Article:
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Re: REFLECTOR: Propellers and prop extensions
The problem applies to the Franklin as well when it is used with prop
extensions and a WOOD propeller. This is an issue of delivering the
power to the propeller and the size of the propeller drive crush
plates. Torsional elasticity enters into this problem.
As far as the IVO goes, I have yet to see any test data on torsional
vibration testing, blade harmonics, etc. on any engine. The fact that
an engine has 6 cylinders does not make anything OK. Each different
4-6-8 cylinder (e.g., Continental) engine can have vastly different
torsional vibration characteristics due to differences in the elasticity
of the drive train. Even the same engine with an upgraded drive
component (e.g., a crankshaft made of different alloy) could have
different characteristics. Remember those yellow arcs on the tachs of
some planes with a particular type of prop?
Case in point, Caterpillar Tractor had a bunch of 200 ton dump trucks
that started breaking 36" in diameter drive axles when the owners
changed from the factory supplied tires to radial tires. It was found
that the new tires changed the torsional vibration characteristics of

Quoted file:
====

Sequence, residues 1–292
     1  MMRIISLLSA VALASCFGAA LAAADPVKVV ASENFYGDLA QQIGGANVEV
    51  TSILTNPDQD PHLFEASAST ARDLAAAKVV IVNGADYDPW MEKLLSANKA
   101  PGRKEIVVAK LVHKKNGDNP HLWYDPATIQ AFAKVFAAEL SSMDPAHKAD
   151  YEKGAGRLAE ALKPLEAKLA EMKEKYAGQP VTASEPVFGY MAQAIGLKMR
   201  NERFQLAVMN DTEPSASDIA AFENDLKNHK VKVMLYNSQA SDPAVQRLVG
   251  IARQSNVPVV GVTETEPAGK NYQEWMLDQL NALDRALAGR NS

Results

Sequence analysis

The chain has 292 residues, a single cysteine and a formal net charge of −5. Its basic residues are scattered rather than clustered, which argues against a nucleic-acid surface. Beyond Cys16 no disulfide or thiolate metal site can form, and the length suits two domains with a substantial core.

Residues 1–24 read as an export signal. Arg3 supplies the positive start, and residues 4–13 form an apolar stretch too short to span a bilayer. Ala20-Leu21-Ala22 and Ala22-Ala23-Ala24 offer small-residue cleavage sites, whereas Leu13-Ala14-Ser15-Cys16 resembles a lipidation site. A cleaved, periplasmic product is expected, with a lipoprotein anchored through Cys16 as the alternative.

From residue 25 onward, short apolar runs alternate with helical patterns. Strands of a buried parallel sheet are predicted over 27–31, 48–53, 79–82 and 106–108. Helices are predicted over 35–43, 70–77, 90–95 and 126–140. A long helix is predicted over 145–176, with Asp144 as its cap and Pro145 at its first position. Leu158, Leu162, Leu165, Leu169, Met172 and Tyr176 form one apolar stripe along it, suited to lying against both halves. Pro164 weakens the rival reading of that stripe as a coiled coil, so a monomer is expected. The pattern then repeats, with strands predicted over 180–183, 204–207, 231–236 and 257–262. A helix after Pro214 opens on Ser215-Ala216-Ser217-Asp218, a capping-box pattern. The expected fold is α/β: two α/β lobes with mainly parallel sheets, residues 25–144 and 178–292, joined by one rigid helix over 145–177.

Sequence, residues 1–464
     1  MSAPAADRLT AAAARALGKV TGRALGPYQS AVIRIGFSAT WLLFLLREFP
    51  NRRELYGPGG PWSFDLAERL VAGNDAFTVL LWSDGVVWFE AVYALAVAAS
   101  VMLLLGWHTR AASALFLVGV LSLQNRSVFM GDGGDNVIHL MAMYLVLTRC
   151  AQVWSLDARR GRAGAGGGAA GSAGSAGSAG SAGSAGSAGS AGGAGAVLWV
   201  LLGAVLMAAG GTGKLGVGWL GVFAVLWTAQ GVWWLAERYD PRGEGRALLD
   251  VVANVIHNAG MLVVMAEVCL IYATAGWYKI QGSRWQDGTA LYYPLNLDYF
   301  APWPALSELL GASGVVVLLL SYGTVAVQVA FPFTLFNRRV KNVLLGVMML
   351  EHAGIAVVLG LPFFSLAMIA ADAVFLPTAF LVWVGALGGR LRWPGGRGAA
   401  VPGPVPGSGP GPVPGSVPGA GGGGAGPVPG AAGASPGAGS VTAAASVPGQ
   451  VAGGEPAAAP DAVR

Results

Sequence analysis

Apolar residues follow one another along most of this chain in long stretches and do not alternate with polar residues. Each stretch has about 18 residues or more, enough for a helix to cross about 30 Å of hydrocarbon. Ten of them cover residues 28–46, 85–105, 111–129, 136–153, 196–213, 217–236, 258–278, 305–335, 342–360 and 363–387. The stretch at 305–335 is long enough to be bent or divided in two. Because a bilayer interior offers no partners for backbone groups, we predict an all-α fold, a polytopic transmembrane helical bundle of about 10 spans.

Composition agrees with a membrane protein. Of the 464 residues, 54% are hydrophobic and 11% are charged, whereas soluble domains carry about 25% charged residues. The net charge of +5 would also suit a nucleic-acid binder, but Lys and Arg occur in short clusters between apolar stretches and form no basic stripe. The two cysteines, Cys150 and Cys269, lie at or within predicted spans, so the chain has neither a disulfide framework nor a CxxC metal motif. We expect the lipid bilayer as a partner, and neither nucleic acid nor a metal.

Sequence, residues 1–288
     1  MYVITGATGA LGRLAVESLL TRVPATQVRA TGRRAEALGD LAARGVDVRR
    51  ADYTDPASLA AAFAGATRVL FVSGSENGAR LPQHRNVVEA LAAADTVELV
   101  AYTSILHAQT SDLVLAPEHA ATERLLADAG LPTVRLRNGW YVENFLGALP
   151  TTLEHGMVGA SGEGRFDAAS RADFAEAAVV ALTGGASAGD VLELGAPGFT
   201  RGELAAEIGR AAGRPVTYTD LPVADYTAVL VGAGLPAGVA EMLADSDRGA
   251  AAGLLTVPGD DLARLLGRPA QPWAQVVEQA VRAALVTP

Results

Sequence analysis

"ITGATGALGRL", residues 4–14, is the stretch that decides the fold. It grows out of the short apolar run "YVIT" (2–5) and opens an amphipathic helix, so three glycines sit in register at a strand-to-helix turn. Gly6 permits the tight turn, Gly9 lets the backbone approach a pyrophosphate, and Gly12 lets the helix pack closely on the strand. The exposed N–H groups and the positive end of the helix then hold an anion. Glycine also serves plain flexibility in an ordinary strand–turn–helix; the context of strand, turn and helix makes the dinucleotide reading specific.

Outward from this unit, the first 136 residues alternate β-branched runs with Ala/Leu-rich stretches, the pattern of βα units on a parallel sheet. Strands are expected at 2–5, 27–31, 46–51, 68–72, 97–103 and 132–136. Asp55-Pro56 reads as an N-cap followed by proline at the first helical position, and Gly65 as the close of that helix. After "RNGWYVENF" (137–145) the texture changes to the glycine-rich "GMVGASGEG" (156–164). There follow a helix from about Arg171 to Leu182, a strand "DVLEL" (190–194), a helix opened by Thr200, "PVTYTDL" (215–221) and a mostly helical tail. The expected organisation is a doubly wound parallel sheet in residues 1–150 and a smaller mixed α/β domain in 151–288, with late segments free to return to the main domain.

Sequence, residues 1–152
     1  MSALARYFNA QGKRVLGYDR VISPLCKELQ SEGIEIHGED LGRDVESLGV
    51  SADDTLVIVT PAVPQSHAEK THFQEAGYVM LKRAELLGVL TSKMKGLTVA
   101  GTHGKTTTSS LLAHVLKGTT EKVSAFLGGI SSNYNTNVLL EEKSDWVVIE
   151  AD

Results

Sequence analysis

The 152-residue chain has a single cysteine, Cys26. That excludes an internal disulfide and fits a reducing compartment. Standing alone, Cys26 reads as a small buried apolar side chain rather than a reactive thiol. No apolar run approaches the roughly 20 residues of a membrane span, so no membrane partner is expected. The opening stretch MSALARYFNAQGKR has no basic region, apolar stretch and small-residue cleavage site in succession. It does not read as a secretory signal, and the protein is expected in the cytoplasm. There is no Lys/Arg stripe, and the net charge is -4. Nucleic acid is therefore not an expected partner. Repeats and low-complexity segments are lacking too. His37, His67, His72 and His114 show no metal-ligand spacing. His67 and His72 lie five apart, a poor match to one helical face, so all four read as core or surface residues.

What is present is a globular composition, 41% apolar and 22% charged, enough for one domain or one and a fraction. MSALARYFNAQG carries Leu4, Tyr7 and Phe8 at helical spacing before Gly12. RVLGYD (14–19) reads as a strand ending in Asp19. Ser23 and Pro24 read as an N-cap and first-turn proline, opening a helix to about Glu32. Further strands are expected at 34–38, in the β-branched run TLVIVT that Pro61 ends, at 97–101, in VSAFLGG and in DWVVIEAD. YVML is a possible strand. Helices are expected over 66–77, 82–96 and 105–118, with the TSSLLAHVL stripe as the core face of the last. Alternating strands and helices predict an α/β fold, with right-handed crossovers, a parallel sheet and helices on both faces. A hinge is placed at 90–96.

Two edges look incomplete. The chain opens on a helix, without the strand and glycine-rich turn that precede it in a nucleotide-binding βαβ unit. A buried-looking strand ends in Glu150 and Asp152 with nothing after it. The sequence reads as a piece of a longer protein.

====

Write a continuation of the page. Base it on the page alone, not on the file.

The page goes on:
the axles and was causing 6 million ft. lb. torque pulses in the
direction opposite to the drive direction!! Put the right engine prop
combination together and the same thing could happen. Strangely, the
failure point may not be directly in the vibration producing component,
the Cat D-10 early on kept breaking the frame under the right motor
mount, the fix was to drill a hole in the left rear of the frame and
move the track tread closer together. The moral of this is story is
look at anything vibrating (e.g., some instrument in your panel) and
find out why or dampen it to stop the vibration.
I posted this information as food for thought for those that are
planning to use wooden props and/or prop extensions. However, the
problem is the same with any propeller engine combination and can only
be proven by careful testing or computer simulation.
It is in the best interest of all of us to ask any prop/engine
manufacturer about their combination testing and recommendations. If
there is no test data or a long history of satisfactory operation then
you are truly experimenting in your experimental.
"Brian K. Michalk" wrote:
> Excellent info.
> At least with the Franklin's six cylinders, this isn't as much of
> a problem. I think this is why IVO/Franklin combinations seem
> to work.
> Brian Michalk <http://www.awpi.com/michalk>
> Life is what you make of it ... never wish you had done something.
> Aviator, experimental aircraft builder, motorcyclist, SCUBA diver
> musician, home-brewer, entrepenuer and SINGLE!
// James F. Agnew
// Tampa, FL
// Velocity 173 FG Elite ( http://www.VelocityAircraft.com/ ) under